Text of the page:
Another form of insight employed by Wang is to embrace that life and work are truly intertwined.
“When employees work from home, especially for those with school-aged children or younger, it’s difficult to separate work from home life, and even more so when employees can’t set up a separate, dedicated work space. Your employees may be working in the living room, kitchen, or bedroom while the rest of their family life goes on. You should expect that these employees will have distractions and interruptions of all kinds during the day, which they have little control over. We should not make our employees feel bad when this happens. We should expect it, and incorporate it into our planning and scheduling.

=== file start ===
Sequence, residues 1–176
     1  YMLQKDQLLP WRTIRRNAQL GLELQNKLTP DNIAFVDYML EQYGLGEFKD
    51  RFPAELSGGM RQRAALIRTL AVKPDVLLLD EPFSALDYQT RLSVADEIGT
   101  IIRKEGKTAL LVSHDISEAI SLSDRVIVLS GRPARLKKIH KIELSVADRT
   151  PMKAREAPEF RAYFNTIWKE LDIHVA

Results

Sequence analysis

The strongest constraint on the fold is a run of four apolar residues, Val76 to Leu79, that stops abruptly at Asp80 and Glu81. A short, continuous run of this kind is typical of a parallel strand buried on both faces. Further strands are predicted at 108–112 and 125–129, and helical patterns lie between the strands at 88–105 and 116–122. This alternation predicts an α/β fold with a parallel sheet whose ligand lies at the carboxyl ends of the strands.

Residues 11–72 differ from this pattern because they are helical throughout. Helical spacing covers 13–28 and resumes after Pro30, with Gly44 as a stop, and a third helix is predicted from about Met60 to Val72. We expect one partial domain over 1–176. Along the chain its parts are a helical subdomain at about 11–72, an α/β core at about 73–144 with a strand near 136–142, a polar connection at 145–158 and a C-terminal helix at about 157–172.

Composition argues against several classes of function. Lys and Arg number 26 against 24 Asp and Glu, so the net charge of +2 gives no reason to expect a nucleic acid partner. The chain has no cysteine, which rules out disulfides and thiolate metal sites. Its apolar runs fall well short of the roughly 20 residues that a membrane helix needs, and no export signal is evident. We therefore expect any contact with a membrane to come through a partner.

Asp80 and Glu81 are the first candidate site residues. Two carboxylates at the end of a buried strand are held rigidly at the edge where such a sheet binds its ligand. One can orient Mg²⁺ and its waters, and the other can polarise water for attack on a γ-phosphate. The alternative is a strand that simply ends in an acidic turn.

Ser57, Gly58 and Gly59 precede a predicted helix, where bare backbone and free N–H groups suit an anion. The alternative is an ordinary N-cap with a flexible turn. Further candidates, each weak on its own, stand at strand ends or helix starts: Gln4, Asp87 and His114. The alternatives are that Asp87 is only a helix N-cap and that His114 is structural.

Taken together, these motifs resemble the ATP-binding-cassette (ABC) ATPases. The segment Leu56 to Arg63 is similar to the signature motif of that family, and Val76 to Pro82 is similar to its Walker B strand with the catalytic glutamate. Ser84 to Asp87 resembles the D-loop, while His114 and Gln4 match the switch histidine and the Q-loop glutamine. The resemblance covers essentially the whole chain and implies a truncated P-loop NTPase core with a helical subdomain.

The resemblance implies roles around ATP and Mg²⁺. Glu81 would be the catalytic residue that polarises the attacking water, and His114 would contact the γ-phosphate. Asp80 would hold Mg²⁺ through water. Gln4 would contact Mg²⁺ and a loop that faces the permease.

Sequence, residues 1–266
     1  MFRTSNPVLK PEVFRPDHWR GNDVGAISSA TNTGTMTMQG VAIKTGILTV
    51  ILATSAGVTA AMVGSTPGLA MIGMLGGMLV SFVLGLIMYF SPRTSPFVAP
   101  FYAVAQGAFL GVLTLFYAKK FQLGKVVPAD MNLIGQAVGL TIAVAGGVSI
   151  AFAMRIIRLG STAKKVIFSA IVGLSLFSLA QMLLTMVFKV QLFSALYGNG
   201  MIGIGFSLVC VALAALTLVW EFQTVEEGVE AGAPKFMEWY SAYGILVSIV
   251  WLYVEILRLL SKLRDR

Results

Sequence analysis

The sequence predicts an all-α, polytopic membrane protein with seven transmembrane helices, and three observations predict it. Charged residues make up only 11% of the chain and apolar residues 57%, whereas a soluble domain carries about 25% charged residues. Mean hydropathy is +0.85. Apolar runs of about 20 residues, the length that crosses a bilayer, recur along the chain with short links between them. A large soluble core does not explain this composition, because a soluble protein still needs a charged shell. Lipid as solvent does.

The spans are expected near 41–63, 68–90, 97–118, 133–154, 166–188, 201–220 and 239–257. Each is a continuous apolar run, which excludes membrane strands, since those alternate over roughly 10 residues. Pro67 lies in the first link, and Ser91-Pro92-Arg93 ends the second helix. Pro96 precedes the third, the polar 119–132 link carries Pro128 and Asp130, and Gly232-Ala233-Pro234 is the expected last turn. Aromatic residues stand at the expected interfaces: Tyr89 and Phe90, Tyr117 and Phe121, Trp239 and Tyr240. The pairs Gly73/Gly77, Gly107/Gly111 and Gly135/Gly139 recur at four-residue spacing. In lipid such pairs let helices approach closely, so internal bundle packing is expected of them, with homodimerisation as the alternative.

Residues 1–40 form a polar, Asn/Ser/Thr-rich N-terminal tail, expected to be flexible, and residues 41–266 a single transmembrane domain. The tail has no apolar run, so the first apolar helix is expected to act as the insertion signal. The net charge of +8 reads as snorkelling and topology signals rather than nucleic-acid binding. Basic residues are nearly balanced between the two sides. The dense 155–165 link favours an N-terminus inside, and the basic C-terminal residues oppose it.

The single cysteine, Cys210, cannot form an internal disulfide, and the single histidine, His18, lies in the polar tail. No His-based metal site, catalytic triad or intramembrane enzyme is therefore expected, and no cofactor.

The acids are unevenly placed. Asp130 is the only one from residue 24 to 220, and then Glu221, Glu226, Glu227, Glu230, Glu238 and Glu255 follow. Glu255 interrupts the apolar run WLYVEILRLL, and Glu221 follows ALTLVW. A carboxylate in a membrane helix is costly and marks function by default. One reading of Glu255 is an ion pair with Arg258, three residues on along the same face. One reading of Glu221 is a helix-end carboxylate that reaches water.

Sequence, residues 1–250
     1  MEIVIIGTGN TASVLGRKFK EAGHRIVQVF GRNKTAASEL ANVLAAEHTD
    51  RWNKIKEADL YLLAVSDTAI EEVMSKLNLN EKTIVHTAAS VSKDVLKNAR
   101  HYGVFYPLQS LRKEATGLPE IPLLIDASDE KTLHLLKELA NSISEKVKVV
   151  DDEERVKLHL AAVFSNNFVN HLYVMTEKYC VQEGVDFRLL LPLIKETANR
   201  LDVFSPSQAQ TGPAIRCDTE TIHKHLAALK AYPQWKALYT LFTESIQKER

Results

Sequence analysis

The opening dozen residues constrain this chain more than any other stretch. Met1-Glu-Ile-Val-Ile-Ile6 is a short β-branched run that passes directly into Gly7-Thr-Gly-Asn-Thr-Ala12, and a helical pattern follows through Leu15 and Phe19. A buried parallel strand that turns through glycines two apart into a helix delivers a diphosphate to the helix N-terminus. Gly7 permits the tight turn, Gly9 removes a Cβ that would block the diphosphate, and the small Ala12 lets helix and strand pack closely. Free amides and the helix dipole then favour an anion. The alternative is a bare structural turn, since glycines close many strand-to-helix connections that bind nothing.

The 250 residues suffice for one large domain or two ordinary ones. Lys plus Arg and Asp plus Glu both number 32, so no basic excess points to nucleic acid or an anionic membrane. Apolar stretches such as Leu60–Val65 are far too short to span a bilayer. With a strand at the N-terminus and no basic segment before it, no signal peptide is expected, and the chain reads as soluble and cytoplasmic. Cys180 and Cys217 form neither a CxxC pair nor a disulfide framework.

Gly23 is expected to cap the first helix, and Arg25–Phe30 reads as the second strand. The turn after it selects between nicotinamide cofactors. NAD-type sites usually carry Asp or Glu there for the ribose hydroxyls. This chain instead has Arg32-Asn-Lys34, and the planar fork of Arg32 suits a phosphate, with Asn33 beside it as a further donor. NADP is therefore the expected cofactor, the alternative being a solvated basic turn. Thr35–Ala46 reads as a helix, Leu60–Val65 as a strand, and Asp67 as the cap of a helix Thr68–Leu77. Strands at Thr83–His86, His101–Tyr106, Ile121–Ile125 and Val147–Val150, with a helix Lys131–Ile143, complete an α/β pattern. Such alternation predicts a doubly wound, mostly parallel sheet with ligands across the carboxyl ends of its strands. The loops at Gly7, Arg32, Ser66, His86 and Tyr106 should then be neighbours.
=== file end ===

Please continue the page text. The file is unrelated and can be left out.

The most important thing when you have enough people working from home is that the communication methods must change. This means written documentation, processes, details for tasks, dependencies, clarity on vision, strategy, plans, schedules, and deadlines become much more important.
“To paraphrase the author Brene Brown, “Clear is kind.” Being clear about expectations is a form of kindness. It allows people to focus fully on the task at hand, rather than being distracted by clarifying vague communication. We have weekly summary emails written by the entire executive team informing everyone of the prior week’s key activities, the upcoming key activities/events, concerns, good vibes, etc. We hold monthly company calls, starting with a few minutes of meditation to remind everyone of the importance of mental health, then we discuss company vision, strategy, performance, key milestones, and cross-functional knowledge.”